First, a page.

Sunscreens, especially those with SPF ratings greater than 8, effectively block synthesis of vitamin D in the skin. However, people that use such sunscreens regularly vitamin D deficiency can be avoided by dietary intake.
Vitamin D supplementation can have great benefits it should be done only under the supervision of a physician who can monitor laboratory tests and recommend proper dosage. Taking too much Vitamin D can have serious side effects.
Vitamin D Drug Interactions
The following medications increase the metabolism of vitamin D and may decrease serum D levels: Phenytoin (Dilantin), fosphenytoin (Cerebyx), phenobarbital (Luminal), carbamazepine (Tegretol), and rifampin (Rimactane).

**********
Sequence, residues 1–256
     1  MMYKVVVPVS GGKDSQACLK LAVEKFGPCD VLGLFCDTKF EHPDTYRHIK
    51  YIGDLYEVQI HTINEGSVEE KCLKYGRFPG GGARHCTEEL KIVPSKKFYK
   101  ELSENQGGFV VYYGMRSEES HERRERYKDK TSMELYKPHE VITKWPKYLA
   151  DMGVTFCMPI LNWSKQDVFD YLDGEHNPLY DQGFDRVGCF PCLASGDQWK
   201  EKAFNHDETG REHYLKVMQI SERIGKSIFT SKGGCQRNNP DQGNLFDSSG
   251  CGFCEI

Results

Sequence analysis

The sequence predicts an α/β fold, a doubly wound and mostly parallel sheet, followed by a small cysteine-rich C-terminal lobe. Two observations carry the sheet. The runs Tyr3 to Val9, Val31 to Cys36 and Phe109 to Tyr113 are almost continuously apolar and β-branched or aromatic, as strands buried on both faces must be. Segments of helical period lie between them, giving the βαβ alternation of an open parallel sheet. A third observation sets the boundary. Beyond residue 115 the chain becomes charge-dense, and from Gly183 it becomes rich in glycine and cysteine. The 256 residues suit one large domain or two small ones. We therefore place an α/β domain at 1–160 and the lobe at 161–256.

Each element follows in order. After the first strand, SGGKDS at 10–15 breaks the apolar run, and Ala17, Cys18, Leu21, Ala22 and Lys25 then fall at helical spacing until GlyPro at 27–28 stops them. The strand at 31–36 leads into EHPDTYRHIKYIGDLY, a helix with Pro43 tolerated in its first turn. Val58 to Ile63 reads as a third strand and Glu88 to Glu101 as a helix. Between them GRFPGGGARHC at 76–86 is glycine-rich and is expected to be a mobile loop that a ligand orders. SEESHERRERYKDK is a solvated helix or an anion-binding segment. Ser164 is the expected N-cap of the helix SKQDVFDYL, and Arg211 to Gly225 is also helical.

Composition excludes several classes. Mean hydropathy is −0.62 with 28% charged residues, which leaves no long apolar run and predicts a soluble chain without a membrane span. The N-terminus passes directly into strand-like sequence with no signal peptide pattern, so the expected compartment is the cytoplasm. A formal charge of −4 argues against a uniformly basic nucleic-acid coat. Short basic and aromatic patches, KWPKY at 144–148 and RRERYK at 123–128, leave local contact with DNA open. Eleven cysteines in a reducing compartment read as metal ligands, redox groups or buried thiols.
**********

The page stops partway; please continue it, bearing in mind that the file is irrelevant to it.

The following medications should not be taken at the same time as vitamin D because they can decrease the intestinal absorption of vitamin D: Cholestyramine (Questran), colestipol (Colestid), orlistat (Xenical), mineral oil, and the fat substitute Olestra. The oral anti-fungal medication, ketoconazole, inhibits the 25(OH)D3-1-hydroxylase enzyme and has been found to reduce serum levels of 1,25(OH)D in healthy men . The induction of hypercalcemia by toxic levels of vitamin D may precipitate cardiac arrhythmia in patients on digitalis (Digoxin).
Vitamin D toxicity: Excessive exposure to sunlight does not lead to overproduction of vitamin D. Vitamin D toxicity is the result of overdosing on vitamin D supplements. Don’t do this! Ingestion of large quantities of vitamin D over periods of weeks or months can be severely toxic to humans and animals. In fact, baits laced with vitamin D are used very effectively as rodenticides.